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Thomas, Lawyer
Category: UK Property Law
Satisfied Customers: 7617
Experience:  BA (Hons), PgDip, Practising Solicitor
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My husband has his own business and is funded by a bank, of

Customer Question

My husband has his own business and is funded by a bank, of which he had a personal guarantee against our home of £50,000 - I was not aware of this until recently and yesterday opened a letter and revised contract which states that the personal guarantee has now increased (as agreed with my husband) to £100,000.00. There was a contract for him to sign.
My husband and I have a joint mortgage and I have not agreed to this at all, I am very concerned with my husbands dishonesty over a few issues and I am worried for myself and our two young children, regarding our home being at risk.
Previously, my husband signed the the £50,000 guarantee without my knowledge and I only found out by chance, again I had no knowledge of this significant increase.
Can my husband put our home at risk, without my consent?
Would I also not need to sign the document, as I own half of our home?

I look forward to receiving some advice.

Many thanks

Submitted: 5 years ago.
Category: UK Property Law
Expert:  Thomas replied 5 years ago.
Thanks for your question.
To enable me to answer your question could you please respond to the following using the same numbering:-
1. You haven’t signed anything relating to the guarantee, correct?

Kind regards.
Customer: replied 5 years ago.
1. I have stated above that I have not signed anything
Expert:  Thomas replied 5 years ago.

Thanks for your reply, just needed to be sure.

If you have not signed the guarantee relating to this loan then the creditors of your husband would only have an action against his interest in your property. Your interest would be ring-fenced.

Your best positioned to know how to deal with this, but I’m sure you are not so naive to think that husbands in the past have not forged their wife’s signatures to such documentation. I’m not suggesting he has done this but you need to be aware of the possibility.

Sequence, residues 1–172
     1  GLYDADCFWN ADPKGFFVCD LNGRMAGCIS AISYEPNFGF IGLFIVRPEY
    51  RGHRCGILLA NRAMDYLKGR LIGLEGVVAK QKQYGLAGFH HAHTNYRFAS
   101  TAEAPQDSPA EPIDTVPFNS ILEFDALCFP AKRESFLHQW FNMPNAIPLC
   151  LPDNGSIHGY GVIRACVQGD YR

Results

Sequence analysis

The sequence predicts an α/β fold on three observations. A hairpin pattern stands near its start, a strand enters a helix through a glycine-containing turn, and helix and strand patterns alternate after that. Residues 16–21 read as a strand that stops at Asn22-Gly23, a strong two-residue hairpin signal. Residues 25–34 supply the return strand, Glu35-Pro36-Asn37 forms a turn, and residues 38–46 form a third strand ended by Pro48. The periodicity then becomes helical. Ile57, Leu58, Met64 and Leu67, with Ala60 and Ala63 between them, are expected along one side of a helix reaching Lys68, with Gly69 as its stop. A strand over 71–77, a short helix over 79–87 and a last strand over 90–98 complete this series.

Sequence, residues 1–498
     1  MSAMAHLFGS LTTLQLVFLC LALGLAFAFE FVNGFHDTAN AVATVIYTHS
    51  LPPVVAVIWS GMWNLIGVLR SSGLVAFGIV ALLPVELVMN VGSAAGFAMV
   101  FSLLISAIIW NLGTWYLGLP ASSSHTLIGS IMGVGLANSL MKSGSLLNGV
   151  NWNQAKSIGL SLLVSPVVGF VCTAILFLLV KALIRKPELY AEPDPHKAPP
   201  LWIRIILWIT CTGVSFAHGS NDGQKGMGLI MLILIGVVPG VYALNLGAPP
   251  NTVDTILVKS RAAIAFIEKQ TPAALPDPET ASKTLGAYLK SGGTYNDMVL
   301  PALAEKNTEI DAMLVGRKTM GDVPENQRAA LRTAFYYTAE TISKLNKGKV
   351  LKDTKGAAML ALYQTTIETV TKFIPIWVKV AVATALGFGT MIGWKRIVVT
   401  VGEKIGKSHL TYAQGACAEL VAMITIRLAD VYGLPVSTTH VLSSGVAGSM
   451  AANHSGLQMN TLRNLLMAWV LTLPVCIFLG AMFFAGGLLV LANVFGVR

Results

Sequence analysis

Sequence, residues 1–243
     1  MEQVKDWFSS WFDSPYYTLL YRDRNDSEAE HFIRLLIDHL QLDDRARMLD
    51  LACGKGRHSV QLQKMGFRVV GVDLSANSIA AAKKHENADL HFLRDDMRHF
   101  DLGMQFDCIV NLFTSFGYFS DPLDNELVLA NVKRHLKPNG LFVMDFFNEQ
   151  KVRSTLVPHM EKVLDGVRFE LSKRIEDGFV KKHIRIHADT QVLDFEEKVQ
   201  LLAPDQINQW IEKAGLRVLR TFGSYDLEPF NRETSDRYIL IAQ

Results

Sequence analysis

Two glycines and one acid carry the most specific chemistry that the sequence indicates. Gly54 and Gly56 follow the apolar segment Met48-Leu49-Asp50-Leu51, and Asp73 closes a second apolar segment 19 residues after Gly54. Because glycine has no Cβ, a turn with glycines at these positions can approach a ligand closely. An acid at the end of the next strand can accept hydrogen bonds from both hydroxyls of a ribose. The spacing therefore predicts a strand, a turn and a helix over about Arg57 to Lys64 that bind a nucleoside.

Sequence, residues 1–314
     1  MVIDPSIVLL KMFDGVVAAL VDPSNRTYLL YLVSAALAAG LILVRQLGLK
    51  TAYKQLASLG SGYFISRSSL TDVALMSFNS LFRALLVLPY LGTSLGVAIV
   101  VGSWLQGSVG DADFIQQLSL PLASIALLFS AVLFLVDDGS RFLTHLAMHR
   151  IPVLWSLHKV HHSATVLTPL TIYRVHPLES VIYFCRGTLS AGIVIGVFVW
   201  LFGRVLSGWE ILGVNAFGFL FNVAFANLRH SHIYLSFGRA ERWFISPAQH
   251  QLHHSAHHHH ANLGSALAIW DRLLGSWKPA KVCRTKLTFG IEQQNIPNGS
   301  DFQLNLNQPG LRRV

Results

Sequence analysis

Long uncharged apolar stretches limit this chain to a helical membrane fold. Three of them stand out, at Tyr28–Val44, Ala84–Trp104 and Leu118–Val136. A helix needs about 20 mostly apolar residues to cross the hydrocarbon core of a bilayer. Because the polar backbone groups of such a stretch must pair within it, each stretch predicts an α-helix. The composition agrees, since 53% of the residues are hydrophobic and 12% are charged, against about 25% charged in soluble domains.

In the event that the creditors to action, either by a bankruptcy petition for your husband or by applying to Court for an order for sale you would have to make representations stating that your interest should not be included in the judgement and establish what the extent of your interest is. Unless there is any agreement to the contrary there is a presumption you each retain a 50% interest in the property.

You would also be entitled to make representations as to why the home should not be sold (eg. family home)

If you were named as guarantor on the guarantee then the bank would have to get your signature.

If it were just your husband on the guarantee then your signature would be preferential but not a pre-requisite to the guarantee being enforceable.

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Kind regards,

Customer: replied 5 years ago.
Can I prevent the guarantee from taking place? Surely he has no right to sign something which is mine also?
Expert:  Thomas replied 5 years ago.
Hi Kathryn,

That's the point, he's only has the capacity to guarantee that part of the property that he owns. He can't sign to guarantee the part of the property you own.

Therefore only his interest is subject to the guarantee.

Trust this clarifies, please click accept.

Kind regards,

Thomas and 3 other UK Property Law Specialists are ready to help you
Customer: replied 5 years ago.
Ok, I guess I was asking whether or not it was legal. As I thought anything relating to a shared property would require by parties to sign.

I understand what you have said, thank you.

How would it be viewed if we were to divorce?
Expert:  Thomas replied 5 years ago.
Divorce is complicated and settlement depends on many factors, chief among them being who has residence of any minor children.

There is a presumption that each party retains a 50% interest in the matrimonial asset pool (less debts) which would be rebutted depending on factors. You would be arguing that any debt incurred as a result of your husband's actions as to the guarantee should be disregarded from the asset pool. You might get some traction with this, but it would become very sticky.

You would really need specific advice giving your whole financial information for a proper indication of your position.

Customer: replied 5 years ago.
Okie doke, thank you.
Expert:  Thomas replied 5 years ago.
No problem. Good luck Kathryn